In the future I think we're going to see the emergence of two super-categories, not genres: experiential games and challenging (which is different than competitive) games.

The experiential games will be more similar to movies and books. Their goal is to give the player an experience.

Challenging games will be just that: a challenge. It's not a matter of casual or hardcore, it's a matter of whether the goal of the game is to challenge the player. In other words, your Call of Duties and FIFAs would be under this umbrella, but so would Dance-Dance revolution and Tetris.

The best games would offer a blend of these two elements, easily separated by different game modes.

Joshua Darlington
profile image
Genre can be defined by designers, marketers and/or the audience. Ultimately it will be $ that decides.

Most major film studio releases are adaptations of some kind. Most stories come from books, so it's appropriate look to that lineage for genre cues as well as toys, tabletop games, and sports which all have their own categories (shelves, aisles and specialty stores).

One major difference between computational entertainment and feature films is the rapid advance of digital technology including near future platforms like: AR HUD Goggle videogames, AR HUD windshield videogames (for autonomous vehicles), holographic AR games for ubiquitous OS, drone based AR videogames, NRS/NLU AI and etc which are all going to redefine the language of videogames. The introduction of sound, color, TV, home video and faux 3D (2.5D) were all introduced decades apart.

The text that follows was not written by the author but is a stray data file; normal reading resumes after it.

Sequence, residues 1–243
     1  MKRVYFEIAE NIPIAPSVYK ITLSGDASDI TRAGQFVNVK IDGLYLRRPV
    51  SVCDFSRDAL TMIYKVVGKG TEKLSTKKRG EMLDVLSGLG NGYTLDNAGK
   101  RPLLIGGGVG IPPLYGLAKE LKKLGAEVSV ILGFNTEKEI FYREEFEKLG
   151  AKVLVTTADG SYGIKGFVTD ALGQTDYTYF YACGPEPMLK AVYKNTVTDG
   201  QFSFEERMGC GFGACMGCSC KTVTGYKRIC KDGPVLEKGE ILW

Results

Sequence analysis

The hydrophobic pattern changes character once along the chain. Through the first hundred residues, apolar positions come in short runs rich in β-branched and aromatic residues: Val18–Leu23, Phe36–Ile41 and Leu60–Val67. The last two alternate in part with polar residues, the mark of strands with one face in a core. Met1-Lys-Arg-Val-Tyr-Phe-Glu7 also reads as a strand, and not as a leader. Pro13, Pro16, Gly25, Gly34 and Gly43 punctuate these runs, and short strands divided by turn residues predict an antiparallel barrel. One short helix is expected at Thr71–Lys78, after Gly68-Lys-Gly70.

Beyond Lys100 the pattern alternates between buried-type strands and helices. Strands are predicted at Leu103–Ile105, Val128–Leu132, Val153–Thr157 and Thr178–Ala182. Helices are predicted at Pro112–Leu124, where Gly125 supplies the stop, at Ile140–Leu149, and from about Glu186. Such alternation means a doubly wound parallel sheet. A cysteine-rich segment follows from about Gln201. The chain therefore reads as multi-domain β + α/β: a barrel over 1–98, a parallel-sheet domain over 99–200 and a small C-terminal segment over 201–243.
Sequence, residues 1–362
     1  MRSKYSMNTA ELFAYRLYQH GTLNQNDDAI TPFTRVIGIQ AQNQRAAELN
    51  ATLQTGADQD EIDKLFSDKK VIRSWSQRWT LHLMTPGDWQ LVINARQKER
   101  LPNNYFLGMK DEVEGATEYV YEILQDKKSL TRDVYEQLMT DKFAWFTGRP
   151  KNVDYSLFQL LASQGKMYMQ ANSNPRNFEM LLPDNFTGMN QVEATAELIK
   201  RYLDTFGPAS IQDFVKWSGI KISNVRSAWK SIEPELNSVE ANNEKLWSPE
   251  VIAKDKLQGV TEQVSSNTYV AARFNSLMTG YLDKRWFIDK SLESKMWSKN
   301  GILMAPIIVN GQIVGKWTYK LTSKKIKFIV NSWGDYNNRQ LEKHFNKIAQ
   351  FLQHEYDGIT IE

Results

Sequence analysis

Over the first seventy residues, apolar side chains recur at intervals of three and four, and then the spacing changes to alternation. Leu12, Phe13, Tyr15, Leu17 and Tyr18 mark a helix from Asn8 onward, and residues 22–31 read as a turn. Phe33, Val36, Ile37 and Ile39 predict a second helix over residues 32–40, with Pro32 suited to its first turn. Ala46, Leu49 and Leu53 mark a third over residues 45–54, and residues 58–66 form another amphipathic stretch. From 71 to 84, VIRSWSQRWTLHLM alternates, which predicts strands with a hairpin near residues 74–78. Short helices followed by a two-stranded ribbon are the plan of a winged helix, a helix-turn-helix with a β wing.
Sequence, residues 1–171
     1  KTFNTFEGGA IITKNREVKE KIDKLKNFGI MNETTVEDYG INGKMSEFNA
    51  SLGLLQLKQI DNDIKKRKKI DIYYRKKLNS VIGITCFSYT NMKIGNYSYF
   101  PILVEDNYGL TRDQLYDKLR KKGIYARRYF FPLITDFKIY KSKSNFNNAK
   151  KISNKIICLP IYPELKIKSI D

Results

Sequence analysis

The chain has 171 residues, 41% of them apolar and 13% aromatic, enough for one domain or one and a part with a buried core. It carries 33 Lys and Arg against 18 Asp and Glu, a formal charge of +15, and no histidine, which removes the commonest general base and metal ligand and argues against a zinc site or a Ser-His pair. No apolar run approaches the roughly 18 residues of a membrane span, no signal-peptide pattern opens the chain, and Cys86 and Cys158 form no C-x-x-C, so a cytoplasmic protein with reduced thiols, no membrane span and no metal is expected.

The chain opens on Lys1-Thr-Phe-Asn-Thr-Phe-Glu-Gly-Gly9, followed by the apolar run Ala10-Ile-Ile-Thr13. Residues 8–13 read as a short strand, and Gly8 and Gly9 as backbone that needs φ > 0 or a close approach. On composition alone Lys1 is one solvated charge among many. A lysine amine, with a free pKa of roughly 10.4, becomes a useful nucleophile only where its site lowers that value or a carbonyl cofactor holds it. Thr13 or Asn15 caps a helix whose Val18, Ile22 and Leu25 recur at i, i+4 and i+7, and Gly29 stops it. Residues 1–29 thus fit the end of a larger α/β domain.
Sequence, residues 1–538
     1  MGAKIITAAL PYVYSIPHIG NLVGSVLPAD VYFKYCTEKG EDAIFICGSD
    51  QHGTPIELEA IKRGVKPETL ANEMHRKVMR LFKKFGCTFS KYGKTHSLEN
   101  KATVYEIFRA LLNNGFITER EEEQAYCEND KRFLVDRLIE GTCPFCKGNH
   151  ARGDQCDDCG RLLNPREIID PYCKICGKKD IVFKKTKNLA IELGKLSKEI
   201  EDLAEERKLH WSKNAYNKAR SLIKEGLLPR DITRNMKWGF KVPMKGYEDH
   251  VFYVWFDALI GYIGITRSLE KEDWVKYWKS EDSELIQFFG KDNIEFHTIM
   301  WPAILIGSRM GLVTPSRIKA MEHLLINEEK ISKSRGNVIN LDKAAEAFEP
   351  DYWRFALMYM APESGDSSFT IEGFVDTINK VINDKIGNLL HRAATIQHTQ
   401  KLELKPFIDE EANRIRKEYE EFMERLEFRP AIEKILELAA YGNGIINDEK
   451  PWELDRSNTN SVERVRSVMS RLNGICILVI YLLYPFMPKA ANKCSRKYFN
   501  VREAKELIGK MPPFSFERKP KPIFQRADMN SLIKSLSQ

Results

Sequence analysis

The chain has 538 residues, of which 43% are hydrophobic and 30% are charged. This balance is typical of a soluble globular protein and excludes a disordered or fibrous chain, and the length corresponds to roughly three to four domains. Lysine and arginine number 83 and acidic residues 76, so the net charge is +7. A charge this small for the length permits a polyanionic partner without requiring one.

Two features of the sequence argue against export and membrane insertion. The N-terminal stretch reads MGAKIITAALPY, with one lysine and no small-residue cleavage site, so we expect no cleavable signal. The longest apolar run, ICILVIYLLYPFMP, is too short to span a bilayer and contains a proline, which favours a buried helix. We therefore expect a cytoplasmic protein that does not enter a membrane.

Bart Stewart
profile image
I like this a lot. It's a Good Thing to step back, to set aside preconceptions and question assumptions. That's how progress gets made.

That said, aren't mechanics a required aspect of interactivity?

With passive entertainment like books and films (and music), you're only absorbing an experience pre-defined for you by its creator. That makes them relatively easy to classify by the aspects of setting/genre.

But the interactivity that defines games as an entertainment form would seem to require an additional aspect: the primary mechanic of play. That gets called "genre," but maybe instead of trying to minimize it away we should be trying to find ways to emphasize it, to expand the number and variety of high-level mechanics... though maybe we should call it something other than "genre," which could be left to describe story-specific elements.

This is why, in addition to Action and Strategy and RPGs as examples of top-level categories, I believe it's important to include Sandbox games. That should be part of any discussion of forms of computer games because it emphasizes the interactivity of games as an entertainment form unlike any other.

Titi Naburu
profile image
"What separates games from other media is their interactivity."

Exactly. Then why stop classifying games on type of gameplay / mechanics? The point of having different mechanics is that they provide essencially different games.

Driving games, shooters, battle games will always be that. If someone dislikes some of those mechanics, then it doesn't matter the setting or emotion, they will dislike those games.